Tracking Number:  284302

Title:  "United States Wants NPT Extended Indefinitely." Michael Rosenthal, the US representative to the NPF Conference preparatory committee, says the 1995 Conference on the Nuclear Non-Proliferation Treaty will be a very important means of advancing regional and global security, and the accord should be extended indefinitely. (930517)

Translated Title:  Estado Unidos desea extension indefinida de TNP.; Les E-U et le Traite sur la Non-Proliferation. (930517)
Date:  19930517


(Hopes 1995 talks will advance global security) (740) By Judy Aita USIA United Nations Correspondent United Nations -- The 1995 Conference on the Nuclear Non-Proliferation Treaty (NPT) will be a very important means of advancing regional and global security, and the accord should be extended indefinitely, says a senior U.S. official.

"We believe that the NPT is an indispensable element of the international security framework," Michael Rosenthal, U.S. representative to the NPT Conference preparatory committee, said May 14. "The treaty has clearly demonstrated its value in promoting regional and global security by successfully discouraging the proliferation of nuclear weapons."

The parties to the NPT held their first meeting to prepare for the 1995 treaty review conference May 10-14. The Preparatory Committee (PrepCom), which is open to all 157 parties to the treaty, focused primarily on such procedural issues as location, agenda, background documentation and rules. Three more preparatory sessions are scheduled before the review conference is held in April 1995.

The NPT, which entered into force March 5, 1970, stipulates that parties are to meet 25 years after the entry into force to decide whether the treaty should continue in force indefinitely or be extended for additional fixed periods.

The United States supports the indefinite, unconditional extension of the NPT as the best means to eliminate uncertainty about the future of nuclear non-proliferation efforts and to ensure the continued success of efforts to reduce nuclear arsenals, Rosenthal, chief of the international nuclear affairs division of the U.S. Arms Control and Disarmament Agency's Bureau of Non-Proliferation Policy, said at a news briefing in New York.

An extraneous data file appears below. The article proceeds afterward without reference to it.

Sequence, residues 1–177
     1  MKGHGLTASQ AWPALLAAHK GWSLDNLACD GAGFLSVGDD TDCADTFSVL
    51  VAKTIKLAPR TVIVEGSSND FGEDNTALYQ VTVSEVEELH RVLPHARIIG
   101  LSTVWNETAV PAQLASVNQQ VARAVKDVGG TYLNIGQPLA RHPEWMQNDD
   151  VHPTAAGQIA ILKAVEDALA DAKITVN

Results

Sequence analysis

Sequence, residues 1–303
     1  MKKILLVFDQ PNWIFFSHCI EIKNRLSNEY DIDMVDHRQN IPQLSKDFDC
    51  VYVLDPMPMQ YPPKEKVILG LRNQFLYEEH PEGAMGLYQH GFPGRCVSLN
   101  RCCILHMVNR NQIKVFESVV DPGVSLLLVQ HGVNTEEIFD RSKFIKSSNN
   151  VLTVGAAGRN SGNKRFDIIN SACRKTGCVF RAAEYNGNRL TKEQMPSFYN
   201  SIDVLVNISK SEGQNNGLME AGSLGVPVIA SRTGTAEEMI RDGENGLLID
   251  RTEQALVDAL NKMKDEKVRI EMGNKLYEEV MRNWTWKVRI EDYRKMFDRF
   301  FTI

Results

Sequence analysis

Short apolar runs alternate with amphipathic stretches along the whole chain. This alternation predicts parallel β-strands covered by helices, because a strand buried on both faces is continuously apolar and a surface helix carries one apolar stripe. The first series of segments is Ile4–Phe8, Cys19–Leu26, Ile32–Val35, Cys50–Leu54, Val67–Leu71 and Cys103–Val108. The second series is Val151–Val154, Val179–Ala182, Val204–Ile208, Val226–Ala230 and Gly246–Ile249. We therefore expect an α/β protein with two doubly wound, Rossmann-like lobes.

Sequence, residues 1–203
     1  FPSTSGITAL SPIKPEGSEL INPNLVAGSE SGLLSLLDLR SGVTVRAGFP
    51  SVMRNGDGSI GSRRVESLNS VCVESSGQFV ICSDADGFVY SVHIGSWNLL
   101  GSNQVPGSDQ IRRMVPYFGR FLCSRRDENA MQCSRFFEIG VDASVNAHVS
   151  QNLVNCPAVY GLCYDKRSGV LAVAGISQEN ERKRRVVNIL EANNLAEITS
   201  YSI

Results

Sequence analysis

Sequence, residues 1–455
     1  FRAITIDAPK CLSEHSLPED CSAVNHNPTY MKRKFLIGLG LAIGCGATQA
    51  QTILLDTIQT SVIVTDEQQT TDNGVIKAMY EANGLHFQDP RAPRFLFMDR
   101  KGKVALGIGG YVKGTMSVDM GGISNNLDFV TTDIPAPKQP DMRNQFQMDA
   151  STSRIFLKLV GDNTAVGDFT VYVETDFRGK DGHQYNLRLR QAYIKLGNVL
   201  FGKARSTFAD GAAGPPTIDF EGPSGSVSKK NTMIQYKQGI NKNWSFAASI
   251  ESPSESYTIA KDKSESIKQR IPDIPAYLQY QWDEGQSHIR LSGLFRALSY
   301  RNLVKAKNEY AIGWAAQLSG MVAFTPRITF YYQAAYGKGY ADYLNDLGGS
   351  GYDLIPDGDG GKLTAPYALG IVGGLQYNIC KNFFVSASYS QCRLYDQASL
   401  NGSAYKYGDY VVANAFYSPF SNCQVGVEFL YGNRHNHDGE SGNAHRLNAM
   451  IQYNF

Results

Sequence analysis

"We see it providing three separate benefits.

First, it prevents the proliferation of nuclear weapons," he said, noting that five countries -- the same number as when the treaty came into force -- have declared they are nuclear weapon states. (All five are parties to the NPT.)

In addition, the treaty "provides a framework for promoting peaceful nuclear cooperation under strictly controlled non-proliferation circumstances," Rosenthal said. "It has...requirements that call for the application of safeguards by the International Atomic Energy Agency to most significant transfers and those safeguards are applied comprehensively in parties to the treaty. They provide both a verification mechanism and a basis for giving each state trust and confidence in the fact that other states will use the technology provided for peaceful purposes."

Finally, he explained, the treaty promotes arms control and disarmament measures at the same time it provides a framework within which such measures are possible.

"The dramatic reduction in nuclear weapons in the United States and Russia that have been planned in recent arms control agreements, steps toward (a) comprehensive test ban and so forth...would be very difficult, if not impossible," without the NPT, he said.

The treaty is currently facing a crucial test following North Korea's announcement that it will withdraw from the NPT -- the first nation to do so. North Korea has said it is withdrawing over a dispute linked to inspection of two of its nuclear facilities by the International Atomic Energy Agency (IAEA).

During the PrepCom discussions, Rosenthal said, many nations underscored the gravity of the situation and urged North Korea to revoke its decision. There was a "strong and clear international consensus that (the North Koreans) are heading in the wrong direction," he said.

Rosenthal said that the fact that some states, such as Iraq and North Korea, have been found in non-compliance with the treaty does not mean that it is inadequate.

The NPT, he said, "has a framework that provides for verification, provides for legally-binding obligations, and provides an international framework and consensus that have established an international norm that makes proliferation of nuclear weapons a matter of great international concern."

Extension of the NPT should not be linked to progress on a comprehensive test ban, he said.

"We think...the NPT has a terribly important role to play and it will be important" regardless of whether or not there is a comprehensive test ban, he said.

If the NPT is not extended for longest possible time, Rosenthal added, a "tremendous uncertainty" will be created. "The stability and continuity of the NPT will provide a framework within which other arms control measures can be pursued with confidence that the international environment is going to remain stable," he said.